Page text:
adversely affect our cash flows and results of operations. If general economic
conditions deteriorate or remain uncertain for an extended period of time, our
liquidity and ability to repay our outstanding debt may be impacted.

We have taken, and continue to take, various actions to increase our liquidity
and mitigate the impact of reductions in our patient volumes and changes in our
service mix and revenue mix. These actions included the sale and redemption of
various senior unsecured notes and senior secured notes, which eliminated any
significant debt maturities until July 2024 and will reduce our future annual
cash interest expense payments. In addition, we have continued cost-efficiency
measures, as well as necessary cost reductions, to substantially offset
incremental costs, including temporary staffing and premium pay, as well as
higher supply costs for PPE. We have also sought to compensate for the COVID­19
pandemic's disruption of our patient volumes and service mix by growing our
services for which demand has been more resilient, including our higher­acuity
service lines. While the length of time that will be required for our patient
volumes and mix to return to pre-pandemic levels is unknown, especially demand
for lower­acuity services, we believe demand for our higher­acuity service lines
will continue to grow. We believe these actions, together with government relief
packages, supported our ability to provide essential patient services during the
initial uncertainty caused by the COVID­19 pandemic and continue to do so.

From time to time, we expect to engage in additional capital markets, bank credit and other financing activities depending on our needs and financing alternatives available at that time. We believe our existing debt agreements provide flexibility for future secured or unsecured borrowings.

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Our cash on hand fluctuates day­to­day throughout the year based on the timing
and levels of routine cash receipts and disbursements, including our book
overdrafts, and required cash disbursements, such as interest payments and
income tax payments, as well as cash disbursements required to respond to the
COVID­19 pandemic. These fluctuations result in material intra-quarter net
operating and investing uses of cash that have caused, and in the future may
cause, us to use our Credit Agreement as a source of liquidity. We believe that
existing cash and cash equivalents on hand, borrowing availability under our
Credit Agreement and anticipated future cash provided by our operating
activities should be adequate to meet our current cash needs. These sources of
liquidity, in combination with any potential future debt incurrence, should also
be adequate to finance planned capital expenditures, payments on the current
portion of our long-term debt, payments to current and former joint venture
partners, including those related to our Share Purchase Agreement with Baylor,
and other presently known operating needs.

Long-term liquidity for debt service and other purposes will be dependent on the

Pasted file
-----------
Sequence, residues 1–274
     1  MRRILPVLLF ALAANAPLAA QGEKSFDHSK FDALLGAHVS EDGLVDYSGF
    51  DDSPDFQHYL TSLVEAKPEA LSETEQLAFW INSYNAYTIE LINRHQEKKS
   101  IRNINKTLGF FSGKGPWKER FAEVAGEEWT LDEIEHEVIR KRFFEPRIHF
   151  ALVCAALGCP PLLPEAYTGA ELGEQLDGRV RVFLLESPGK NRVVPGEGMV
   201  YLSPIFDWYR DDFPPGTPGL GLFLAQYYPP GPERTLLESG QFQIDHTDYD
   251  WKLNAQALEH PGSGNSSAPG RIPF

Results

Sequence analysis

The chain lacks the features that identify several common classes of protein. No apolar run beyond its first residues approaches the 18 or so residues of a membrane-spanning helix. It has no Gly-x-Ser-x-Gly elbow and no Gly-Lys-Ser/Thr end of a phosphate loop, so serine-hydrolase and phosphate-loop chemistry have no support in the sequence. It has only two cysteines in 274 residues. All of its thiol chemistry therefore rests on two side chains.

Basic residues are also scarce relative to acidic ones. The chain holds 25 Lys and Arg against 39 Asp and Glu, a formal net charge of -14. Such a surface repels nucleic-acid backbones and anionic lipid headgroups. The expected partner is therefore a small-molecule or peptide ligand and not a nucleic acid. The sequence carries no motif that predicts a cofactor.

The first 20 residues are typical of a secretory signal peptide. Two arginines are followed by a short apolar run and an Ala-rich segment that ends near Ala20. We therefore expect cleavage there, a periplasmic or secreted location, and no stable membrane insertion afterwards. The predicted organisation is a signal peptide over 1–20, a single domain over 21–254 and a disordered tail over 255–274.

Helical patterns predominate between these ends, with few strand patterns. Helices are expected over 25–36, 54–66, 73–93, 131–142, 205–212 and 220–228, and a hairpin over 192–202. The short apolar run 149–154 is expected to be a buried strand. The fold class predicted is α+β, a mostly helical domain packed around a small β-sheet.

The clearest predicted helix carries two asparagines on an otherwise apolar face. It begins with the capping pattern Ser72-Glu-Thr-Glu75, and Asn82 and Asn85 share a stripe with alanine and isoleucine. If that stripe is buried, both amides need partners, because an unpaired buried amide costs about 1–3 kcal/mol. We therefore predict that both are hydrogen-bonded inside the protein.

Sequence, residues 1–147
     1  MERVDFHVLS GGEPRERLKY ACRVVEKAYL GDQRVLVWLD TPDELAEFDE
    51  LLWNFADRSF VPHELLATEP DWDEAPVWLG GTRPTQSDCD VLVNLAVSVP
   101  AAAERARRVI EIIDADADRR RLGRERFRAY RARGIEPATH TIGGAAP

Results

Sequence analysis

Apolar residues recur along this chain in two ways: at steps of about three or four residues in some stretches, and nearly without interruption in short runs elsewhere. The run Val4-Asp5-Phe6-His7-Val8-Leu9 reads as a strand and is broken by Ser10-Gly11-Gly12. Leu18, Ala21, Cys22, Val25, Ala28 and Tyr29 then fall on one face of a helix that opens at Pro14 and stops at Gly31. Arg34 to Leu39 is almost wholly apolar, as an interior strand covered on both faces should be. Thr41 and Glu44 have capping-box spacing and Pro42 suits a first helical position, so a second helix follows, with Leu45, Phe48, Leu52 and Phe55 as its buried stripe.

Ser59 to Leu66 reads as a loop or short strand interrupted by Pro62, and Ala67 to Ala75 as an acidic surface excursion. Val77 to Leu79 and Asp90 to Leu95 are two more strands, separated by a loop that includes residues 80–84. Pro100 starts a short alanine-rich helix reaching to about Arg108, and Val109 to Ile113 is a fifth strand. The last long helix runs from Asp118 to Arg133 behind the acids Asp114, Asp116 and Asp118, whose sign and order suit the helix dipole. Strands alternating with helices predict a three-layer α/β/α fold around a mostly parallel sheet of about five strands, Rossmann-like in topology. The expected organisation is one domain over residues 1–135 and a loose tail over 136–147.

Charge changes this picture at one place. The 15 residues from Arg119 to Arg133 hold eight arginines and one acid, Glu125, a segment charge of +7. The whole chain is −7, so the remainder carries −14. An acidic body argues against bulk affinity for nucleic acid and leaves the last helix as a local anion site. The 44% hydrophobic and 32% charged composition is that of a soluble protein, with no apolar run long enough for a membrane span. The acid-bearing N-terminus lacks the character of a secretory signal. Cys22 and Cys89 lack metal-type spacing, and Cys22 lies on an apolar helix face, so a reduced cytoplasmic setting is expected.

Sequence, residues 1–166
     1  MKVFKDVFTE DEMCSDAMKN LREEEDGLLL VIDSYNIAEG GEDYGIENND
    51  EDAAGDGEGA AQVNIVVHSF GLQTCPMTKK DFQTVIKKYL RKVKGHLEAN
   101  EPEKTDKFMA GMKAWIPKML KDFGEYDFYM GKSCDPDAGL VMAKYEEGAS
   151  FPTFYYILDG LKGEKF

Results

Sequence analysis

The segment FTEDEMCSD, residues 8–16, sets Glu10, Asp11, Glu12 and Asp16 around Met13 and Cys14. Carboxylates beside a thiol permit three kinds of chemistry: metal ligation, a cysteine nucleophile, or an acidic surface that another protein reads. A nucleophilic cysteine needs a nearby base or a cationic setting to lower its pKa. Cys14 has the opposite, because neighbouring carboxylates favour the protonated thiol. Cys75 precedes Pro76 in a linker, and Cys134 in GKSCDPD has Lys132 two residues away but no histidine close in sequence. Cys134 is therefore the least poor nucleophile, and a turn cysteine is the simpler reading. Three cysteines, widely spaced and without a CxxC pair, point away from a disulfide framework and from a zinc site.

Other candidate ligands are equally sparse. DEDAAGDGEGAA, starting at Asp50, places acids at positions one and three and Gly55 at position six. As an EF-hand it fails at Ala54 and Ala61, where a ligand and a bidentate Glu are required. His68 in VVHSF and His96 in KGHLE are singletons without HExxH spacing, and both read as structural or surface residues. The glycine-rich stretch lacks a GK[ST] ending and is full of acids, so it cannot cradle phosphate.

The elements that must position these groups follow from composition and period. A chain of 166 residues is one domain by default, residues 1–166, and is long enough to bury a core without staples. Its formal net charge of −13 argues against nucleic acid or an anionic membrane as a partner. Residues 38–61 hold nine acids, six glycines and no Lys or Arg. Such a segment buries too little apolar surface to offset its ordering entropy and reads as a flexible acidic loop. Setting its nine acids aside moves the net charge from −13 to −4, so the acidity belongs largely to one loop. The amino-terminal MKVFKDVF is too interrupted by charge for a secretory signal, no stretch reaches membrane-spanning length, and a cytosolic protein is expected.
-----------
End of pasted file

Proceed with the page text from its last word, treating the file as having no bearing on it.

amount of cash provided by operating activities and, subject to favorable market
and other conditions, the successful completion of future borrowings and
potential refinancings. However, our cash requirements could be materially
affected by the use of cash in acquisitions of businesses, repurchases of
securities, the exercise of put rights or other exit options by our joint
venture partners, and contractual commitments to fund capital expenditures in,
or intercompany borrowings to, businesses we own. In addition, liquidity could
be adversely affected by a deterioration in our results of operations, including
our ability to generate sufficient cash from operations, as well as by the
various risks and uncertainties discussed in this section, other sections of
this report and in our Annual Report and our Q1'22 Report, including any costs
associated with legal proceedings and government investigations.

We do not rely on commercial paper or other short-term financing arrangements
nor do we enter into repurchase agreements or other short-term financing
arrangements not otherwise reported in our balance sheet. In addition, we do not
have significant exposure to floating interest rates given that all of our
current long-term indebtedness has fixed rates of interest except for borrowings
under our Credit Agreement.

CRITICAL ACCOUNTING ESTIMATES


In preparing our Condensed Consolidated Financial Statements in conformity with
GAAP, we must use estimates and assumptions that affect the amounts reported in
our Condensed Consolidated Financial Statements and accompanying notes. We
regularly evaluate the accounting policies and estimates we use. In general, we
base the estimates on historical experience and on assumptions that we believe
to be reasonable, given the particular circumstances in which we operate. Actual
results may vary from those estimates.

We consider our critical accounting estimates to be those that (i) involve significant judgments and uncertainties, (ii) require estimates that are more difficult for management to determine, and (iii) may produce materially different outcomes under different conditions or when using different assumptions.

Our critical accounting estimates have not changed from the description provided in our Annual Report.